Thursday, December 31, 2009
In Junior High, I was obsessed with this album. It reflected my urge to roam, my new found taste for rebellion, and my raging hormones. A friend of mine named Mark who lived in some kind of half-way house for bad teens told me about this album. He told me it was really hard to find, and one of his favorite records. Later, when I found it on cassette, I thought I had struck gold. I loved it intensely. Sure, it is a Rock N Roll album, not much more, but its beautiful, evocative and always fills me with hope and reminds me of those days in Junior High.
I love this album even today, although I have to admit that much of it's appeal most likely lies in nostalgia, but I do think it is a strong album. None of the other records this band released since did a thing for me. Just this one.
Check it out if you haven't, one of my favorite records ever, and oh yeah, by the way, Warrior Soul's singer is Kory Clarke, who now sings for Trouble as well.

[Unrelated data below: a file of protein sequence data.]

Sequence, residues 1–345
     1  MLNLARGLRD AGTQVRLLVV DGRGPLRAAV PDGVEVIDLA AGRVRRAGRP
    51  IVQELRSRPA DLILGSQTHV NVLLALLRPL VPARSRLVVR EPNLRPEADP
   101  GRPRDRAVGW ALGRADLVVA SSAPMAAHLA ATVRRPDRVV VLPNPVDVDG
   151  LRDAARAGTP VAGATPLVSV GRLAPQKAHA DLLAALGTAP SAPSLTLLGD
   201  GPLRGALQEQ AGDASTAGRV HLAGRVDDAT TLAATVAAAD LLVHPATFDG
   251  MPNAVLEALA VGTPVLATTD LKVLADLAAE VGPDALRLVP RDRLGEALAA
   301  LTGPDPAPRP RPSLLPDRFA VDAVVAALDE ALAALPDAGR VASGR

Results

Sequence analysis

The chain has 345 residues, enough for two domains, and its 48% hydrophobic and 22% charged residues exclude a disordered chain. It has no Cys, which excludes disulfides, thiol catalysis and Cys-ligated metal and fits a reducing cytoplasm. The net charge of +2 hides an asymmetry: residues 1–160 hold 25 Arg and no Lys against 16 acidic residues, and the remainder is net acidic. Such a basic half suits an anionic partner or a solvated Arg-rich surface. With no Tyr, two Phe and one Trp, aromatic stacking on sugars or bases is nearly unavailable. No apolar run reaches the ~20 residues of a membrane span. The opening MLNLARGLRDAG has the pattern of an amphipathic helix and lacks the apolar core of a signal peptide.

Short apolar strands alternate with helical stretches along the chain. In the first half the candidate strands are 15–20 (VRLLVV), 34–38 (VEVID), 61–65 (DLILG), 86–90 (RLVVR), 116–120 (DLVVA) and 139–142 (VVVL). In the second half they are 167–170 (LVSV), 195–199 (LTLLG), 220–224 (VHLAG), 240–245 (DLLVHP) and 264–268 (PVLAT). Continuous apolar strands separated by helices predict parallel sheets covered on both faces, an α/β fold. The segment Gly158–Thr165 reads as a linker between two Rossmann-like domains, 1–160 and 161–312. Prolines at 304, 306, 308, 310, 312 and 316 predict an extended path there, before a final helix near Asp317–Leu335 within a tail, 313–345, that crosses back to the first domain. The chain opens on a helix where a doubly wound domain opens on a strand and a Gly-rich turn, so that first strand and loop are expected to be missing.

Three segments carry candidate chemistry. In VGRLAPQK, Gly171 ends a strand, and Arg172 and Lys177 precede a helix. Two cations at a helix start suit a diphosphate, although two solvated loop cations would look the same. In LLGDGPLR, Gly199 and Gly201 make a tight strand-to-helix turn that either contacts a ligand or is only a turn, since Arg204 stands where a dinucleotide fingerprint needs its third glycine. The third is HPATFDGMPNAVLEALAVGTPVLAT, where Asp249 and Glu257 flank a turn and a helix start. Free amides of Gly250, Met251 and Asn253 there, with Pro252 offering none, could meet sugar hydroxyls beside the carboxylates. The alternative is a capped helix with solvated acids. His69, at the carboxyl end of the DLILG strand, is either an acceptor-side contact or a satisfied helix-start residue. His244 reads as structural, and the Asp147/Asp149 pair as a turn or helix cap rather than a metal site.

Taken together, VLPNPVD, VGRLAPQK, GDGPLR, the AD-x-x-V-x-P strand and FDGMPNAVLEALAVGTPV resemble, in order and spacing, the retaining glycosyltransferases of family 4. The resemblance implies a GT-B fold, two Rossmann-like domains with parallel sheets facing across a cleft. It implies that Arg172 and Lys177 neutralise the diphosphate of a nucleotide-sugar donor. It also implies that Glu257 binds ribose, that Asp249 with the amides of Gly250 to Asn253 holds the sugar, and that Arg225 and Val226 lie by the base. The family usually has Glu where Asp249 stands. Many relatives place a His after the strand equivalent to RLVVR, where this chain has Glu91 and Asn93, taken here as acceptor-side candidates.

Wednesday, December 30, 2009
I was a huge Skeletal Earth fan back in the day. I traded tapes and letters with vocalist Travis Ogletree for years, so in 1991 when their first full length album came out entitled "Eulogy For A Dying Fetus," I was more than excited for it. It shares much with Napalm Death, but also injects some Pungent Stench style humor with catchy melodies and interesting hooks.
Skeletal Earth were the biggest and best of the TN/AL grind/death scene going on at the time that also included bands like Necrospasm, Cannibal Holiday, Mule Skinner, and one of my favorite unknown doom bands, Crematorial Death. The band split up in 1993 around the time I got a letter from Travis stating he had found God and was splitting the band up and selling all his metal.
"Eulogy For A Dying Fetus" proved to be just a stepping stone to much greater music later; my favorite being their 1993 cassette EP "Dreighphuck."